The amounts of Lycopene in examined cultivars of tomato were calculated by two formulas, derived from Ravelo Perez et al. (2008) - formula concerning the experimental data and the theoretical one. Table 7 shows Lycopene content of all samples that were analysed by the use of both - experimental and theoretical data. By considering theoretical value, we were able to calculate the relative errors. As can be noticed from described table, all relative errors are below 5% thus we can conclude, that difference in equations are not significant, that the results are comparable. In other words, our experiment design was enough accurate and precise, that we obtain reliable and comparable data. The quality and the reliability of data are also indicated by error bars, which are representing ± one standard deviations, which are presented in table 6. Small standard deviations which are on average 0.56 for Kentaro F1, 0.19 for Bolzano F1 and 1.16 for Dasher F1 are indicating that values are spread closely around corresponding average Lycopene concentrations. As they, in majority are not overlapping, that signifies that there are significant differences between the Lycopene contents of three cultivars and therefore small standard deviation are suggesting, that we obtained reliable and confidante data. The most precise and reliable data were obtained at Bolzano cultivar (it has the smallest value for standard deviation). The reason for that it probably the fact, that the fruits of Bolzano F1 were in general 2-3 times greater compared to fruits from other two cultivars, and therefore homogenization was more efficient, and that provided better homogenate for Lycopene extraction. In some cases, the overall masses of Kentaro F1 and Dasher F1 fruits of tomatoes resulted in unsuccessful (uncompleted) homogenization. This condition resulted in slightly higher standard deviations.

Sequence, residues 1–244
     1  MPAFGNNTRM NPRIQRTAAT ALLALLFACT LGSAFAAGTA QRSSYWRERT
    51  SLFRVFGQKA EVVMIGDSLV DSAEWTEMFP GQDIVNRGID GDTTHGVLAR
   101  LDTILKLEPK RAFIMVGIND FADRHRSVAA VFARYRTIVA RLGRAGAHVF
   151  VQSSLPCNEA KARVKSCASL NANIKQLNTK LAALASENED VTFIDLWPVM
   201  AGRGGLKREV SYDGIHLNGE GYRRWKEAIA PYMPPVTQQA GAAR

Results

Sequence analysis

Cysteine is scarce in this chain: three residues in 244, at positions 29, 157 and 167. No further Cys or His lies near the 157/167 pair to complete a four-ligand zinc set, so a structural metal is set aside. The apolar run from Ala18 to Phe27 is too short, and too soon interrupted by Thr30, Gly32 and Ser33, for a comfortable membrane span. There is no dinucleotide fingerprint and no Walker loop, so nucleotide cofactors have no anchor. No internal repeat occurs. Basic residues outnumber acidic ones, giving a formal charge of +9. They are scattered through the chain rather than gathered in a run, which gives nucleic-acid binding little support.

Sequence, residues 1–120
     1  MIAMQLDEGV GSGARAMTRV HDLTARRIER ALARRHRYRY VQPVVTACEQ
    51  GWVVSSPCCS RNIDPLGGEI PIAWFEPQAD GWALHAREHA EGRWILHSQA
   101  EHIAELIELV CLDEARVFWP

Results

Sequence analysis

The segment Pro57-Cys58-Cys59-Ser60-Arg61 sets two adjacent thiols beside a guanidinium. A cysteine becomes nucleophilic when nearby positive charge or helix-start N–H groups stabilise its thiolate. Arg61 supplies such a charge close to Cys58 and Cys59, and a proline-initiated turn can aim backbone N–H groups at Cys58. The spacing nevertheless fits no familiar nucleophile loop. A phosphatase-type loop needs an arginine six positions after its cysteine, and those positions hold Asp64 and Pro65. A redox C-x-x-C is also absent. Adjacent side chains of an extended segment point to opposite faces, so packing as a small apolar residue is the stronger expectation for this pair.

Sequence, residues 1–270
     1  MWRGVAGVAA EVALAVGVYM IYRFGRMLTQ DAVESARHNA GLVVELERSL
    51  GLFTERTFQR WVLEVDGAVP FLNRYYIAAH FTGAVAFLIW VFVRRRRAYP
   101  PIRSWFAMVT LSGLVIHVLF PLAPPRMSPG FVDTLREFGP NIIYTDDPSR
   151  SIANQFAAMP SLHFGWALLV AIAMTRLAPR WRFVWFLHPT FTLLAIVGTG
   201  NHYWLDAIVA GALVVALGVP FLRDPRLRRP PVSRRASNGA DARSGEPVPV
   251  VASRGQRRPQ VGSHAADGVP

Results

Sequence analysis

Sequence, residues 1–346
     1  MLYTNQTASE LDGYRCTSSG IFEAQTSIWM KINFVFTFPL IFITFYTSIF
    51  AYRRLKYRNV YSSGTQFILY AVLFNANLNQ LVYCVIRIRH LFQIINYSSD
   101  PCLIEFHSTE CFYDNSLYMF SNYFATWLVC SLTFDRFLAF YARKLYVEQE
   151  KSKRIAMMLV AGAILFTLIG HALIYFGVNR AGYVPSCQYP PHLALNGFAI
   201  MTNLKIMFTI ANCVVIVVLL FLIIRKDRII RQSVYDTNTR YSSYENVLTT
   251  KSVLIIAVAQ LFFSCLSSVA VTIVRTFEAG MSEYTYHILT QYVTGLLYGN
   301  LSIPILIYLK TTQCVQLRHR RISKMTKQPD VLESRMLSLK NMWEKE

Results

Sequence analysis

Also, what should be considered at the end is the quality of the method. UV-Vis Spectrophotometric analysis was proved to be accurate method for quantifying the amount of Lycopene in tomatoes. One of its greatest advantages, when compared to other methods mentioned in articles is that it requires low quantities of both - sample and organic solvents and its relatively fast. Based on written and considering the final result of my research, I would say that the method I used was appropriate for providing reliable answer on my research question. However, one of the weaknesses is probably the differences in masses of homogenates that were used for extractions. If I was to investigate again, I would suggest deciding for smaller range, for example to weight 1.00 ±0.01g of homogenate, so that better control of that independent variable would be assured.